International Asia This Week Is the Philippines the new epicentre of Covid-19 in Southeast Asia?

Is the Philippines the new epicentre of Covid-19 in Southeast Asia?

The country's total case count is now at 112,593, and its death toll stands at 2,115, second only to Indonesia




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Manila, Philippines—The Philippines saw its highest daily jump in coronavirus cases on Tuesday, August 4, with 6,352 new infections, sparking speculation that the country may become the epicentre of the infection in Southeast Asia.

The country’s total case count is now at 112,593, and its death toll stands at 2,115. Only Indonesia has a higher case count in the region, with 115,056 infections. Indonesia, however, has twice as many deaths as the Philippines has, as the Indonesian death toll due to Covid-19 is at 5,388.

The Philippines’ capital, Manila, has been placed under a two-week lockdown after health workers warned the administration of President Rodrigo Duterte that the country is fighting “a losing battle” against the infection as hospitals are getting overwhelmed by the soaring number of cases.

Concerns over the economy abound, however. “I have to be honest. Our economy cannot withstand a long lockdown,” said Presidential spokesperson Harry Roque. Daily losses from a lockdown are estimated at S$340 million, said Stella Quimbo, congresswoman and economist, whose husband, a former deputy speaker for the Philippines’ House of Representatives, announced last week that he also tested positive for the coronavirus.

On August 1, the Philippine College of Physicians held a press conference, with Philippine Medical Association president Dr Jose Santiago asking for a return to stricter lockdown measures—the Enhanced Community Quarantine scheme for two weeks in order to have a “time out” to “recalibrate the government’s COVID-19 strategies.”

Reading a letter addressed to the President, Dr Santiago said, “We proposed that this ECQ be used as a time out to refine our pandemic control strategies, addressing the following urgent conditions: hospital workforce efficiency, failure of case finding and isolation, failure of contact tracing and quarantine, transportation safety, workplace safety, public compliance with self-protection, social amelioration.”

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The call for stricter lockdown measures was a “distress call” from the country’s “overwhelmed” hospital systems.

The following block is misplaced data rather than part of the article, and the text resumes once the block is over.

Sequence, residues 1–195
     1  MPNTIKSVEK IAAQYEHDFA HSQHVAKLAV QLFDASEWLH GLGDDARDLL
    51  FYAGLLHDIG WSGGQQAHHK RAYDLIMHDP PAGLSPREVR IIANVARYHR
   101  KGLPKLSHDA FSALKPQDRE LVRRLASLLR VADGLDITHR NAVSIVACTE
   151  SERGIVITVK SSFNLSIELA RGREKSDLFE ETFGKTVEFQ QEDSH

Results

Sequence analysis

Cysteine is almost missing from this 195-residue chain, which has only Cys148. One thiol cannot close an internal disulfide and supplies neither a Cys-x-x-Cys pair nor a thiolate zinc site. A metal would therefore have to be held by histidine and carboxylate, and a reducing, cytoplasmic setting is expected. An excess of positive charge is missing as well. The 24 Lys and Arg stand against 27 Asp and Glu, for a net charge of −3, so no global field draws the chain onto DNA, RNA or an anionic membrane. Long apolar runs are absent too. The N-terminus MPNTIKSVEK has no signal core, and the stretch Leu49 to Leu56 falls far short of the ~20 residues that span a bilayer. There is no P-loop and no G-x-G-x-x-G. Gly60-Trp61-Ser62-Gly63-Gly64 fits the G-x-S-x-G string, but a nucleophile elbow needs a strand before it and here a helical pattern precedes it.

“We have seen a consistent rise in the number of infections and these, among other scenarios, prompts us to act now and act fast,” Dr Santiago said, adding, “We understand that imposing enhanced community quarantine is a complex decision. Let us remember we need healthy people to reinvigorate the economy. Our healthcare workers can no longer bear the burden of deciding who lives and who dies.”

And while the President announced in response that the country’s National Capital Region, which has the highest number of Covid-19 cases in the country, he chided the physicians for their public call, and accused them of endeavouring to fan the flames of revolution.

In an August 2 address, the President said, “There would not have been [any] need for you to [raise] your hands as if you’re saying ‘revolution, revolution’.

Next time, you can just ask for an audience. Now, if you think that this can be solved by revolution, then by all means, we start it.”

Critics of the President are saying, however, that his government is using the lockdowns due to the pandemic to also curb dissent, citing a draconian Anti-Terrorism law passed last month.

Journalist Maria Ressa said, “If (this) happened at a time when we weren’t under quarantine, there would have been mass protests outside. For Filipinos, to do that meant risking not just the virus, but risking arrest. And if the virus doesn’t get you, prison will.” —/TISG

Read also: Singapore & the Philippines emerge from coronavirus restrictions at the same time, but with big differences

Singapore & the Philippines emerge from coronavirus restrictions at the same time, but with big differences

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